Layout

The layout of the book is very much of the clean and crisp school of thinking. The book is written in an easy to understand tone and is pretty clear in most respects. The one point that I found a problem with was the system generation rules are not laid out in a very organised fashion. Some things seem to be in the wrong order or even missing. I did wonder if this was a last effort kind of deal as this section is at the back of the book and seems to have been given less care and attention than the rest of the book. Still after a second or third read through, a GM should be able to create systems and planets without too much trouble.

The book is a hardback which is nice considering that it is less than 200 pages long. It just shows how much Mongoose cares about having a nice clean product that can be used and abused without it falling apart or looking scruffy like so many softback rulebooks seem to be after a few game sessions.

 

Art

Much has been said about the art in this book before so I’m not going to labour the point. Basically the art is all simple black and white. In some places it looks pretty good, in others, no so good. I’m also led to believe that Mongoose has changed the artwork in later reprints to much nicer stuff. (Not sure I agree with this as surely it should be a revised edition rather than just a reprint) Other than that the cover is inspired by the old Classic Traveller books, which is a nice touch, and the art for the spaceships is really cool as well.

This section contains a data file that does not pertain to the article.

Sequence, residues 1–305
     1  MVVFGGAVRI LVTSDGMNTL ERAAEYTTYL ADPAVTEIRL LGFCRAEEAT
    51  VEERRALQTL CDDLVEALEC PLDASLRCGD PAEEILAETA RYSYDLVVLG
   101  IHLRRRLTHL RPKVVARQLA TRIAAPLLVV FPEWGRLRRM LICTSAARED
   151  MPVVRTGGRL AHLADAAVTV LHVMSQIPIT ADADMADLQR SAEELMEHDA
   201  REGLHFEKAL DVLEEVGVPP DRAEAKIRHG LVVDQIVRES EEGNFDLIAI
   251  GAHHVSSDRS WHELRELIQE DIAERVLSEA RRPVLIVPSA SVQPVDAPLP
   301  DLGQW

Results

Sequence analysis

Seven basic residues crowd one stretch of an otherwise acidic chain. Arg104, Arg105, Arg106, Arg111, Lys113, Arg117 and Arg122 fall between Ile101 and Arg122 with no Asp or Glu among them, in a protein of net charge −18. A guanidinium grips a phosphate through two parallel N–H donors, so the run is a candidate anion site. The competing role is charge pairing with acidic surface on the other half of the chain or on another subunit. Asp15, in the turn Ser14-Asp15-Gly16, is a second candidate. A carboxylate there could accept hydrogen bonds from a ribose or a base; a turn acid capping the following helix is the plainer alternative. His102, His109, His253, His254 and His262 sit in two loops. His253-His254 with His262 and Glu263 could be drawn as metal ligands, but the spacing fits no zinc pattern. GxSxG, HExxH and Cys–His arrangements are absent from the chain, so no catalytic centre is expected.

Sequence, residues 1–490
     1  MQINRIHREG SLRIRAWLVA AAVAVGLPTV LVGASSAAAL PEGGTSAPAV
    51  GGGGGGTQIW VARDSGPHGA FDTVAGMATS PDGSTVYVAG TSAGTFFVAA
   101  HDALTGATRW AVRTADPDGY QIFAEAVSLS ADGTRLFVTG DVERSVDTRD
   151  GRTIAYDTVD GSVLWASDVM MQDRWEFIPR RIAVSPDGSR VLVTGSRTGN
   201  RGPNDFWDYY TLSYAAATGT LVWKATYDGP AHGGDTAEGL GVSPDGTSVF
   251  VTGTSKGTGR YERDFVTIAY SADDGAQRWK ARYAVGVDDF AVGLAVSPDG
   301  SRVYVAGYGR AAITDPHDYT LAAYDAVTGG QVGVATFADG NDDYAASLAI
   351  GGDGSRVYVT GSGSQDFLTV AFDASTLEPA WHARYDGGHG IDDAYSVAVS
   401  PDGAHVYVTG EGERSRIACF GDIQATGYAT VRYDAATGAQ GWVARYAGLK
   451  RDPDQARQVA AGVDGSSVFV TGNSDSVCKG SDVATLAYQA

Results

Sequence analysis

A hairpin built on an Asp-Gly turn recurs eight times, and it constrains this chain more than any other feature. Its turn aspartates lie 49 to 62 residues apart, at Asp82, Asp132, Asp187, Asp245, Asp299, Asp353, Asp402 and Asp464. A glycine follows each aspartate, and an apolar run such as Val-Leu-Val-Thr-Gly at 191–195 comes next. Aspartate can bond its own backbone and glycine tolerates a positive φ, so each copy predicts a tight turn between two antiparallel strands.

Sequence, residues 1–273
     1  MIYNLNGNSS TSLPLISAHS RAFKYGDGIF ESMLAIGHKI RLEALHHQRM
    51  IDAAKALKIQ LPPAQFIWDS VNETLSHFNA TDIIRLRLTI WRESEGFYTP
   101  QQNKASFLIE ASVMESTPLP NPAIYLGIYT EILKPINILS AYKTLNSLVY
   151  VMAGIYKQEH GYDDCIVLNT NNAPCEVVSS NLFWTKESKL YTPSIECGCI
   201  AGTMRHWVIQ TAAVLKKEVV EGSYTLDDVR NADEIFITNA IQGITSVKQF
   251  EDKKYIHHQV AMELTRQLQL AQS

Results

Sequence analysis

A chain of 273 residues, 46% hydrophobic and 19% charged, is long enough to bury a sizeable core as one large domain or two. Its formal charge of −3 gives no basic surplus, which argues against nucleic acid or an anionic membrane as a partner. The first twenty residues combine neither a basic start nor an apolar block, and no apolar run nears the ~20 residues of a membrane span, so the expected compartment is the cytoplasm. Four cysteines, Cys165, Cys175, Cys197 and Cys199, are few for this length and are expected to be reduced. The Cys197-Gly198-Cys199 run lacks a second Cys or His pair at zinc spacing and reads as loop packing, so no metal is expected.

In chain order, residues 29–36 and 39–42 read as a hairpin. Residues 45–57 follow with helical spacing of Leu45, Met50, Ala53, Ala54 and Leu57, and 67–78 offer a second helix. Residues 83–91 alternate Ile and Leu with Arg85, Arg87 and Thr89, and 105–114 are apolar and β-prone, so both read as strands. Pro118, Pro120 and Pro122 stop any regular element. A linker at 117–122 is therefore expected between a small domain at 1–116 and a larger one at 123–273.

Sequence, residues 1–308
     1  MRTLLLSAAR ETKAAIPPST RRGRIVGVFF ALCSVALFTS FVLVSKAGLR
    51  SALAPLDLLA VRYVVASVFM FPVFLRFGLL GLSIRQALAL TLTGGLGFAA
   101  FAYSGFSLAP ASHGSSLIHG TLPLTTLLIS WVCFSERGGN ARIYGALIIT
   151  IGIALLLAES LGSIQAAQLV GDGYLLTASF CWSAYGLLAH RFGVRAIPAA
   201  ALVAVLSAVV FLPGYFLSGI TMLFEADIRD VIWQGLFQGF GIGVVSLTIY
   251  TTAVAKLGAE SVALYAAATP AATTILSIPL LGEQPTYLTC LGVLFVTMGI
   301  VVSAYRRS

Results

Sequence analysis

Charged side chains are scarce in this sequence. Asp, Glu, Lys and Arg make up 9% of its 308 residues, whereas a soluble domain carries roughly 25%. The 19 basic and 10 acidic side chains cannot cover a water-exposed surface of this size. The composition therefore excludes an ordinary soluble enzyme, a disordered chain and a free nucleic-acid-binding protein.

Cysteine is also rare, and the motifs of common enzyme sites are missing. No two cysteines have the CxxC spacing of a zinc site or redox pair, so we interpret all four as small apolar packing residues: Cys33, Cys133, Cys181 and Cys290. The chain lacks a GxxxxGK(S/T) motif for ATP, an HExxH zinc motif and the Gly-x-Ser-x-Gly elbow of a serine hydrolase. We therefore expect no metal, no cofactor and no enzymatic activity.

In Play

In play the rules work well. They don’t seem to get in the way of good roleplaying and the simple task resolution system is easy to use and understand. Combat is fast a fairly deadly and so far seems to be pretty fluid thanks to the simple skill system. So far I’ve found that players like the system and the default setting has many fans out there already.